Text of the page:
Facebook is the Grinch Stealing Your Facebook Fan Page ViewsCecily Kellogg
Notice anything different on your brand or blog Facebook fan page? Like, oh, I don’t know, maybe a 44% decrease in the number of people seeing your status updates?
No, it’s not just you. It’s Facebook.
According to Ad Age, an advertising deck sent out by Facebook states:
“We expect organic distribution of an individual page’s posts to gradually decline over time as we continually work to make sure people have a meaningful experience on the site.”
You know why, of course: it’s because Facebook wants us to pay to promote those posts, naturally.
We could discuss how unfair it is that Facebook is doing this, but in reality we have to accept this key point: the internet is NOT going to always be the perfect place to promote your business for free, and in reality, Facebook doesn’t really “owe” us exposure.
Even if it is infuriating.
If you want folks to see your content, you might want to consider moving off Facebook for promotions entirely and return to an old standard that actually has better results: emailed newsletters.
According to a white paper from Silver Pop, email newsletters are opened by those that receive them 19.7% of the time. As recently as a year ago, roughly 16% of your Facebook fans would see your status updates, but today that number has fallen dramatically to less than 3%, according to this article at Ignite Social Media.
In fact, email newsletters have a higher click through rate (3.6%) then Facebook page status updates have viewing rates. It’s likely that the click through rate on links shared in Page status updates is a tiny sliver of an already tiny sliver of your fans.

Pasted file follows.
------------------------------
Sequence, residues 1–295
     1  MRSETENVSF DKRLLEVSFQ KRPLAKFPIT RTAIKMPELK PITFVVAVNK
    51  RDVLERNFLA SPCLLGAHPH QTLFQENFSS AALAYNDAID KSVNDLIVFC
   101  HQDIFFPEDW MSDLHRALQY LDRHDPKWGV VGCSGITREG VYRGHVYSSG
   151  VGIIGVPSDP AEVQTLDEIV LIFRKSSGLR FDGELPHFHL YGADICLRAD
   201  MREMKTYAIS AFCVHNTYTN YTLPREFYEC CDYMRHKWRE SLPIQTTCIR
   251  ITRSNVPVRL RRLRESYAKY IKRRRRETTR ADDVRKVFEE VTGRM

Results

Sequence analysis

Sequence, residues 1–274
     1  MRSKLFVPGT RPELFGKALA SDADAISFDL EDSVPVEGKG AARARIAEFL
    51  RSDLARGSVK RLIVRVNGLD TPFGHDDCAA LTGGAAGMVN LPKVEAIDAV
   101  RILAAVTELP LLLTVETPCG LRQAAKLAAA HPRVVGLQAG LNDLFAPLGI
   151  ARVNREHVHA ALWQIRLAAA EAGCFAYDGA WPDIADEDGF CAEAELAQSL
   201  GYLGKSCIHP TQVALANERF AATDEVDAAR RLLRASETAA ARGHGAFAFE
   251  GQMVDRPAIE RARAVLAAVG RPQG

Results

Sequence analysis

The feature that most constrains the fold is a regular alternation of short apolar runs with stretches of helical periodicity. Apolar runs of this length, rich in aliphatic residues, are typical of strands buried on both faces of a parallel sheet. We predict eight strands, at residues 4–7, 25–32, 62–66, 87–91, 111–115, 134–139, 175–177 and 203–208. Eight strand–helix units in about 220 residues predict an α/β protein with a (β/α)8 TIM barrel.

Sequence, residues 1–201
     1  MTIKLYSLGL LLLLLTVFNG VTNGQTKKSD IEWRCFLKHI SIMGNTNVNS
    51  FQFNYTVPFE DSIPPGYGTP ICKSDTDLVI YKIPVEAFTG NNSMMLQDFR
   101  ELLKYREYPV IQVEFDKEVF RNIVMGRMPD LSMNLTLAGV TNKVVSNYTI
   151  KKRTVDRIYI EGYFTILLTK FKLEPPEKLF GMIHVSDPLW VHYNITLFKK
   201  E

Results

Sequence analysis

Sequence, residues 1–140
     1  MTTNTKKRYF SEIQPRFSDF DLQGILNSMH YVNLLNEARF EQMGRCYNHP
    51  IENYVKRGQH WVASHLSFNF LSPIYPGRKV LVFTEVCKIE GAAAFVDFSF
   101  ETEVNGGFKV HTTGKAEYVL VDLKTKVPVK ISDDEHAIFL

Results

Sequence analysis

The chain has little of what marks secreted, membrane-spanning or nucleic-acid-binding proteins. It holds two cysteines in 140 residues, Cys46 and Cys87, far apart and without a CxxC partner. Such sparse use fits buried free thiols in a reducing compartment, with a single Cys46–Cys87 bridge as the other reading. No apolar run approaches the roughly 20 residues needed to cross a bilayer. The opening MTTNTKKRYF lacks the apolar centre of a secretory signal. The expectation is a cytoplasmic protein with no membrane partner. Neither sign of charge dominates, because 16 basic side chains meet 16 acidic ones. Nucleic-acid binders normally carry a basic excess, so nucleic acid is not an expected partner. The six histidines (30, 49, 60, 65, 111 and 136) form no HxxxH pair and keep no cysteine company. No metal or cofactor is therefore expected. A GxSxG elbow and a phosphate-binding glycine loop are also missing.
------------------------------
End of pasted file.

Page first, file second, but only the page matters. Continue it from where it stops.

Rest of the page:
I’ll also toss in a pitch here for Google+; after all, while it might not have quite the current reach of Facebook it does NOT prioritize content or ask you to purchase anything every person in your circles will potentially see your status updates. Instead, you get traffic AND a massive SEO boost from sharing your content on Google’s social network. Worth investing in, frankly. (I’ll also add in a note about my friend Lynette Young’s free download about using Google+, it’s really awesome. For more in depth info, she has a book out as well.)
And of course the same can be said for Twitter, even if shares have a short half life there.
Personally, I’ve delayed on updating my newsletter from just a plain RSS feed into something more. It’s time I stepped up my game. How about you? Will you start funneling money Facebook’s way, or seek alternatives for promotion?